Monday, March 24, 2008

I was in the news!! :)

Thursday, March 1, 2007:

I just wanted to let everyone know the latest, most exciting event to happen around here. I will be (featured?, maybe?, I don't know if anyone else was interviewed) in an article coming up in the Detroit Free Press.

What makes me so special? I am an amateur ("ham") radio operator who's Skywarn trained for severe weather spotting/monitoring for the National Weather Service (NWS). I am also one of the net control operators for MICON (Michigan Inter-County Organizational Network), working directly with the NWS to provide communications during severe weather events.

Skywarn training for this year is about to begin and apparently the newspaper was looking specifically for females who'd been trained and they wanted to run an article about it. I'll be photographed tomorrow morning (hopefully the weather will be better than it is today) and the article will run Monday, March 5th.

Monday, March 5, 2007:


Residents eye the stormy skies

A new round of weather spotter classes to start WednesdayMarch 5, 2007


When a low-hanging funnel cloud in north Oakland County refused to materialize into a tornado, Piper V. felt a familiar tug of disappointment as she stood and watched. The weather spotter and licensed ham radio operator lives for atypical weather. On that day four years ago, nature had failed her again. Still, the Commerce Township mother of two went back to weather-tracking classes a few more times, so dedicated is she to the art of catching a cloud that others might have missed. On Wednesday, Oakland County starts another round of free Skywarn classes. Ordinary folks learn their way around hailstones and rushing water, cloud formations and wind patterns so that they can spot a sign that may have eluded National Weather Service radar. The agency's been offering the instruction for more than 25 years.

Gail Novak, chief of Oakland County's Emergency Response and Preparedness division, estimates there are 100 trained weather spotters throughout the county. The spotters drive or walk around during storms and call in their findings, via the county, to the weather service in White Lake Township. "Oakland County is over 900 square miles, so more eyes on the sky and out in the field benefits us," she said.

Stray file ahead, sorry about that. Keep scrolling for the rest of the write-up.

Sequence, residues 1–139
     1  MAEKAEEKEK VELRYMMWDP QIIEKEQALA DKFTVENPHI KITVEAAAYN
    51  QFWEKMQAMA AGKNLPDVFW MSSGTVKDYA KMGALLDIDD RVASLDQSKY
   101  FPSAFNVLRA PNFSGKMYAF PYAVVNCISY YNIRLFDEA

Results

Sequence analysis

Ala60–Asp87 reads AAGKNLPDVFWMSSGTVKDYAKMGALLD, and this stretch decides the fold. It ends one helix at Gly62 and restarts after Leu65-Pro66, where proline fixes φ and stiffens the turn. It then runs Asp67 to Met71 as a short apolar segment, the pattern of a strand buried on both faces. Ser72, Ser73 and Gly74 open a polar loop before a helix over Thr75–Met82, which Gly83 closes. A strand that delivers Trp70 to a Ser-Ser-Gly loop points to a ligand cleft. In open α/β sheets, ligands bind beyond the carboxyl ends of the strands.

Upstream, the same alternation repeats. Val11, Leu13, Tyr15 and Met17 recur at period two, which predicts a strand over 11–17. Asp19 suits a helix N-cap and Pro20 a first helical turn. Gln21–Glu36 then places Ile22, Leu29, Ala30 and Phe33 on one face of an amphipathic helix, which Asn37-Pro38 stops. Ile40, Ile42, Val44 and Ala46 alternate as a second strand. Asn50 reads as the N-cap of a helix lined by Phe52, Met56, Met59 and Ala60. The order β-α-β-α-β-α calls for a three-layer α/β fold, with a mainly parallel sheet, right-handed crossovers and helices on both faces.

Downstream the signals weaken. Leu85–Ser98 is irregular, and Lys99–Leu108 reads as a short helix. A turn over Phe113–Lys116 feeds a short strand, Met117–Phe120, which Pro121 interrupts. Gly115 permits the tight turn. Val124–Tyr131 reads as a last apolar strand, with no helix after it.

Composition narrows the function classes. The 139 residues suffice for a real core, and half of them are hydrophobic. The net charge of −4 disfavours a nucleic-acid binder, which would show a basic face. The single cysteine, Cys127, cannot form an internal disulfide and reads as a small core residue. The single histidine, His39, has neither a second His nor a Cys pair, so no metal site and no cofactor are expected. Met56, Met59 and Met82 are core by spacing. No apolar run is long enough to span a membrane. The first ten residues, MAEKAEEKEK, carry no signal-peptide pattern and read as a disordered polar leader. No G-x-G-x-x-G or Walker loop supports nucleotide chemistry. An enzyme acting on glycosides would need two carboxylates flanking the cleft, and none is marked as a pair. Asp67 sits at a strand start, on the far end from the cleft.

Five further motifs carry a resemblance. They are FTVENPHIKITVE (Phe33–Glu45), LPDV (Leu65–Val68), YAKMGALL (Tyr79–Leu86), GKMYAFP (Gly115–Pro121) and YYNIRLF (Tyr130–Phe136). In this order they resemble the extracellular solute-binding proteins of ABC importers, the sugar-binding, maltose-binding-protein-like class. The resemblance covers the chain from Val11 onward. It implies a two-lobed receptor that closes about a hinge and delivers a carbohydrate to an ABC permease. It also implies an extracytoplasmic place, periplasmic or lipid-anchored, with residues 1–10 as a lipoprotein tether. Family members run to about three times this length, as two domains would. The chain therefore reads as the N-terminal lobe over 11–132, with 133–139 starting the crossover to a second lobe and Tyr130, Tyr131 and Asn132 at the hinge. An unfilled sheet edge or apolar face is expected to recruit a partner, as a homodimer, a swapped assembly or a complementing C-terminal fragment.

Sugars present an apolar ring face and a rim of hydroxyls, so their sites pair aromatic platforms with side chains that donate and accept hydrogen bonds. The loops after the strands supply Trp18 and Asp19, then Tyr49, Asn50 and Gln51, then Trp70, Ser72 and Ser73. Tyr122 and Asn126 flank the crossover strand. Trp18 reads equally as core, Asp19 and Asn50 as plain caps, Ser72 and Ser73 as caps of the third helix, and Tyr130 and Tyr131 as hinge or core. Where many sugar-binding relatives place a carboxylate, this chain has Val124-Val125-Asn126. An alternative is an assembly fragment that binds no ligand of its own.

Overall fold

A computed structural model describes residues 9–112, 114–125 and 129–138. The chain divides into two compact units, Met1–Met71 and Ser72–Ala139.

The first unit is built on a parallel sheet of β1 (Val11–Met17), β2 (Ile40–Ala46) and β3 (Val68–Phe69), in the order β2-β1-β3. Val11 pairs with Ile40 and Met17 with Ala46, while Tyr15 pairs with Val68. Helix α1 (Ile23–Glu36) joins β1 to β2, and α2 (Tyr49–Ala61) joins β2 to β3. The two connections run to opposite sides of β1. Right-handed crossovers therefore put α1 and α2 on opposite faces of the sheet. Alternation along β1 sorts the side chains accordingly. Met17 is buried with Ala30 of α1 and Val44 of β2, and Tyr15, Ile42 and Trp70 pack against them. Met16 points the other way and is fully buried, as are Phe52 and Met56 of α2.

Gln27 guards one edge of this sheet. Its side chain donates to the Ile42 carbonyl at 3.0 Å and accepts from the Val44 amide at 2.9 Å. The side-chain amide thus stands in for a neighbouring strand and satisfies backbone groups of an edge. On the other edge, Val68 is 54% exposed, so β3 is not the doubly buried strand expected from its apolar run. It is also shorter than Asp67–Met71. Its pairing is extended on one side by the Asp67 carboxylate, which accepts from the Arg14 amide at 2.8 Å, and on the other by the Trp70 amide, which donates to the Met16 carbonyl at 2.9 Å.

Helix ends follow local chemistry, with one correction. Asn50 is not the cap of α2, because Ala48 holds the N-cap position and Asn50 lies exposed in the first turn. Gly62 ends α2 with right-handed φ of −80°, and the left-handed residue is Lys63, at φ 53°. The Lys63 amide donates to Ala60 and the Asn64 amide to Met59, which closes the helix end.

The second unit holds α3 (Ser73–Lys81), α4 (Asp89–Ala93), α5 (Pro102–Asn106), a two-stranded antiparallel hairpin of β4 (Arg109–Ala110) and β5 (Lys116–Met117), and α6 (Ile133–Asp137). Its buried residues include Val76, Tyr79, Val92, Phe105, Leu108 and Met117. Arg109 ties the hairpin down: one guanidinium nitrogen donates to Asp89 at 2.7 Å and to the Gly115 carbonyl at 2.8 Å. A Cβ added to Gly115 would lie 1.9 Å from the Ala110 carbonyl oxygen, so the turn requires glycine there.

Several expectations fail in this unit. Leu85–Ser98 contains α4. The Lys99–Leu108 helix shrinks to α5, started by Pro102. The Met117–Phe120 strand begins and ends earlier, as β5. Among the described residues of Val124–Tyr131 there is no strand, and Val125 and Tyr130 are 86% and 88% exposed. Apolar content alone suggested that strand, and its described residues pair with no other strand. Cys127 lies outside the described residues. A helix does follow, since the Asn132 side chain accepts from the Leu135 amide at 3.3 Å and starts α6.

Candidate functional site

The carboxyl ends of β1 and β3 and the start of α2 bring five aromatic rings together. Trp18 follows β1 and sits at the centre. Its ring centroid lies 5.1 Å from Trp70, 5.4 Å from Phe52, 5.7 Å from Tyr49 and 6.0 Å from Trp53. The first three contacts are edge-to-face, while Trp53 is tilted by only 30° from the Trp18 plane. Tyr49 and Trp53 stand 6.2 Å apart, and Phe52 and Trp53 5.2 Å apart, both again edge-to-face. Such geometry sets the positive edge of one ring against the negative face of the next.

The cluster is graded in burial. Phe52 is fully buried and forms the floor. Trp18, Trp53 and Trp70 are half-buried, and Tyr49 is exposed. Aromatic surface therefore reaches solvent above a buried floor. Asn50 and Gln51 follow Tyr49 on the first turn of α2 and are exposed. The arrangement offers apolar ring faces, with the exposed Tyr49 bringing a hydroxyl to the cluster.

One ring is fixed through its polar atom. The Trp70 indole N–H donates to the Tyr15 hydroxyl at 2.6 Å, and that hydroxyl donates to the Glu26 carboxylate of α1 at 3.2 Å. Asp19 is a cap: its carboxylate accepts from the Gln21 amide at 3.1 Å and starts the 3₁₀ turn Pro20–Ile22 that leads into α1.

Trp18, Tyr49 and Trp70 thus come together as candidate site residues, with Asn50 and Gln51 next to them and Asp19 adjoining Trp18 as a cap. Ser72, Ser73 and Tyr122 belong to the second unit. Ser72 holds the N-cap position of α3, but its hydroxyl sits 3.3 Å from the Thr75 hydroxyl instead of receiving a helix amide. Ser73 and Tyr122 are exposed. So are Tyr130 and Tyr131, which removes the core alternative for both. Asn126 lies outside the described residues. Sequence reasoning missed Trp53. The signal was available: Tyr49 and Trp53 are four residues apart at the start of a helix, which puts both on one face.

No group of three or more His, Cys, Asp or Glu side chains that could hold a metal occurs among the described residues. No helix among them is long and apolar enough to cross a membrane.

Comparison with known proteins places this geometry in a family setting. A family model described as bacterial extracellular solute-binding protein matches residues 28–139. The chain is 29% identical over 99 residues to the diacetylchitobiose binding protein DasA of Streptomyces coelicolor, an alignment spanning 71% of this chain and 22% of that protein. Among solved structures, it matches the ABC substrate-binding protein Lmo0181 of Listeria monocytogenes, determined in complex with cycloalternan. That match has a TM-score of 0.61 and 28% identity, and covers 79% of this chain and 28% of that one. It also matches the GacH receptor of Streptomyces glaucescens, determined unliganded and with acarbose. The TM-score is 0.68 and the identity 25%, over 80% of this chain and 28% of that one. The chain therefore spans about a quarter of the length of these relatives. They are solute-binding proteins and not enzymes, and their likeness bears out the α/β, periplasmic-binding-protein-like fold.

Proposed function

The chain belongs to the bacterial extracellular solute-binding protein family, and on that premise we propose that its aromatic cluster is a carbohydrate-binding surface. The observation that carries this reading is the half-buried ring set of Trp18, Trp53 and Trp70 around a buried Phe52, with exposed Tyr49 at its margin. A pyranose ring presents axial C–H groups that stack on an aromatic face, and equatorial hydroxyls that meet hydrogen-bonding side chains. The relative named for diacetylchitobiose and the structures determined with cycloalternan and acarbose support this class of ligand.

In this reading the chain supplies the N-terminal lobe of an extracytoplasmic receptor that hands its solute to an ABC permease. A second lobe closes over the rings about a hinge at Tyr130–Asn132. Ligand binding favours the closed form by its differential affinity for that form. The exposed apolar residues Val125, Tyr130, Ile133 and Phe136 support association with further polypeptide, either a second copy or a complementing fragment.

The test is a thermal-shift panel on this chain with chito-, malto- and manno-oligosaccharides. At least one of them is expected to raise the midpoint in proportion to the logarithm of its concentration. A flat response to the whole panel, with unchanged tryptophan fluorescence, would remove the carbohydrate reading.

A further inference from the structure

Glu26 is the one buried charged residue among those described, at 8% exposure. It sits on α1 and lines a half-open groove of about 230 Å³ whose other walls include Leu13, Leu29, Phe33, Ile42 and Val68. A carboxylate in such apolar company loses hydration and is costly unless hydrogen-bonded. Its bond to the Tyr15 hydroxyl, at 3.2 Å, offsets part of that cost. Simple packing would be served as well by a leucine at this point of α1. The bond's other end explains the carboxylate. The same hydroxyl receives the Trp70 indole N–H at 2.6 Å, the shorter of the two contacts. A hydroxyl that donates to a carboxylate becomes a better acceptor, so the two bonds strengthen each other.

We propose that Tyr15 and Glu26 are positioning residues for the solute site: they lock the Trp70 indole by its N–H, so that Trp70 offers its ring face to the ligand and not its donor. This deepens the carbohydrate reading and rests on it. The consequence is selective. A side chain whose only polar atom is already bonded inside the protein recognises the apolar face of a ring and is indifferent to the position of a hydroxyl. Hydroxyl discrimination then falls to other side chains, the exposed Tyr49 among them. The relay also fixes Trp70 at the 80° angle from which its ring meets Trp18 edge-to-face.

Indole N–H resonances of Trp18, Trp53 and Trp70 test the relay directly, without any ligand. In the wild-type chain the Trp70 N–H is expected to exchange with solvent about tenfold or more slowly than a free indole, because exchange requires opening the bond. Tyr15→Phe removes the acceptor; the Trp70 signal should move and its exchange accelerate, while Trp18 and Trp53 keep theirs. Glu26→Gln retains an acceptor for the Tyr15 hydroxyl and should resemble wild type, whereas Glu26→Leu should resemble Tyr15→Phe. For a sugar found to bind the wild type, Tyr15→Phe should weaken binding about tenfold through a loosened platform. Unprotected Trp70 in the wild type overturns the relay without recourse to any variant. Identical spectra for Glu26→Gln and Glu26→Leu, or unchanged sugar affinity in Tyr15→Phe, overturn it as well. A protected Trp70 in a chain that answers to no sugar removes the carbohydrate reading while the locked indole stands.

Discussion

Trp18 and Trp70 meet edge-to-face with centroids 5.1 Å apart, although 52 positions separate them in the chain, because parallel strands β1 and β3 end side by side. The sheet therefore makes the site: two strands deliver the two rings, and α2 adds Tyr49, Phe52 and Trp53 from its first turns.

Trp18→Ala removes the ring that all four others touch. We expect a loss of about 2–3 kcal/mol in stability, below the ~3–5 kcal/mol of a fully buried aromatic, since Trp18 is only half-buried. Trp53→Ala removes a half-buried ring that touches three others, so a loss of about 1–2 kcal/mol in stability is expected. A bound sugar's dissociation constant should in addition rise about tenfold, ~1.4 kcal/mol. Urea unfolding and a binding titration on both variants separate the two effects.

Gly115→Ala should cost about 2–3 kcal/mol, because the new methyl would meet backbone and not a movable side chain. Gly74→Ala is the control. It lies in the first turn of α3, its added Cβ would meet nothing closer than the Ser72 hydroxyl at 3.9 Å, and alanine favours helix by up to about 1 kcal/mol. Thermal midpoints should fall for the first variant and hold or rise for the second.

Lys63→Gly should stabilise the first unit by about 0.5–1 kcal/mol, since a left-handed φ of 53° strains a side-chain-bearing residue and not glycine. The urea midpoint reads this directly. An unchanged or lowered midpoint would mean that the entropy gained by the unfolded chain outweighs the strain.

The Skywarn classes attract about 200 people each year. Each gets a certification card after a single two-hour session. Anyone 12 and older is welcome. Piper, 29, also is part of the county's Amateur Radio Public Service Corps, using her ham radio skills to relay weather information directly to the weather service. And she volunteers at the weather service operations center, which tracks climatic events for 17 counties.

Still, she would much rather be in the field. (Editor's note: Not necessarily, she loves tracking weather from the NWS just as much as she does from a vehicle) Piper says she wants nothing more than to chase tornadoes in Texas and Oklahoma.

Even if the last few summers were pretty mild, there were still 173 severe weather warnings in Oakland last year. "But it always seems like the really exciting, important things happen when I'm not around," Piper said.

Contact JULIE EDGAR at 248-351-3294 or

Piper V., 29, of Commerce Township took free National Weather Service classes to be a weather spotter in Oakland County. She uses her ham radio at home to call in reports of bad weather to the weather service. Oakland County has about 100 trained weather spotters.

Be a cloud chaser. The National Weather Service is offering these Skywarn Spotter Training classes:

*Wednesday, 7-9 p.m., Oakland County Emergency Response and Preparedness complex, Information Technology auditorium, Campus Drive South, west of Telegraph, Waterford.
*March 13, 7-9 p.m., Oak Valley Middle School, 4200 White Oak Trail, Commerce Township.
*March 20, 6-8 p.m., Southfield Public Library, 26300 Evergreen, Southfield.
*March 22, 7-9 p.m., Groveland Township Fire Station 1, 14645 Dixie Highway, Groveland Township.

Reservations for any of the classes are recommended by calling 248-858-5300 from 8:30 a.m. to 5 p.m. weekdays.

For April classes, go to

And that's that! I'll be at two Skywarn classes this year, the one at the Oakland County building and the one after that at Oak Valley. I'm going to the first one for training and the second one to help out the person who put it together and organized it for that location. I'm emailing Heather (the photographer) for the other photos she took of me. We spent almost 3 hours taking photos in various places. I had a great time (aside from freezing my butt off during the outside photos). I'm honored that I was chosen/suggested to be interviewed for the article.

(Editor's note: I got the photos from Heather, here they are!)

I haven't the slightest idea what I'm pointing at here.

Here I am in the Blazer (a.k.a. spotter-mobile) making a contact on the ham radio.

Keeping an eye on the sky, that's me!

Man, it was blisteringly cold that day, can you tell?

Y'know, it's hard to get those gripping, hard-hitting, award-winning weather spotting photos in the middle of WINTER!

No comments: